Cardiology pp 473-486 | Cite as

Management of the Patient at High Risk for Sudden Cardiac Death

  • Bernard Lown
  • Thomas B. Graboys
  • Philip J. Podrid
  • Steven Lampert

Abstract

Can one protect the subject at high risk for sudden cardiac death? To be able to answer this question requires identification of the specific pathologic derangement contributing to the sudden fatality. However, in most victims of sudden cardiac death (SCD) no acute lesions are demonstrable. Autopsy studies document severe occlusive atherosclerotic disease of major epicardial coronary arteries.1,2 But acute arterial events such as thrombosis of diseased vessels, hemorrhage into a plaque, fracture of atherosclerotic lesion are observed in a minority of cases.3 Even if coronary occlusion is not demonstrable, this does not preclude the occurrence of myocardial infarction. But even with sensitive stains, a majority of patients dying suddenly exhibit no evidence of myocardial infarction. Reichenback and coworkers4 noted such findings in only 5% of sudden death victims.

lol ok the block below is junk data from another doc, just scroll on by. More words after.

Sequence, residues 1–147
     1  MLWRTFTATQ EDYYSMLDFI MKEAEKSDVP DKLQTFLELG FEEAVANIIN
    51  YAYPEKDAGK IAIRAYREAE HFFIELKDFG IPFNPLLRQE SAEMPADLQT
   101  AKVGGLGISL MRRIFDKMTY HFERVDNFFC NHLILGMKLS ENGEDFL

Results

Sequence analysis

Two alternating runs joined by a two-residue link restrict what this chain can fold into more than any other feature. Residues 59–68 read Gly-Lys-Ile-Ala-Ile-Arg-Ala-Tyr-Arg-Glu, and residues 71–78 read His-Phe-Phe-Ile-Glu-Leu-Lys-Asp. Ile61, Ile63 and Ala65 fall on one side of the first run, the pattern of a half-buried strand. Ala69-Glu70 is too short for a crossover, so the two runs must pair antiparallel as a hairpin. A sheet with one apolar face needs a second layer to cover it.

Keywords

Sudden Death Ventricular Tachycardia Ventricular Arrhythmia Sudden Cardiac Death Ventricular Fibrillation 
These keywords were added by machine and not by the authors. This process is experimental and the keywords may be updated as the learning algorithm improves.

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Copyright information

© Springer Science+Business Media New York 1984

Authors and Affiliations

  • Bernard Lown
    • 1
  • Thomas B. Graboys
    • 1
  • Philip J. Podrid
    • 1
  • Steven Lampert
    • 1
  1. 1.Cardiovascular Research Laboratories, Dept. of Nutrition Harvard School of Public Health and The Cardiovascular DivisionDept. of Medicine Brigham & Women’s HospitalBostonUSA

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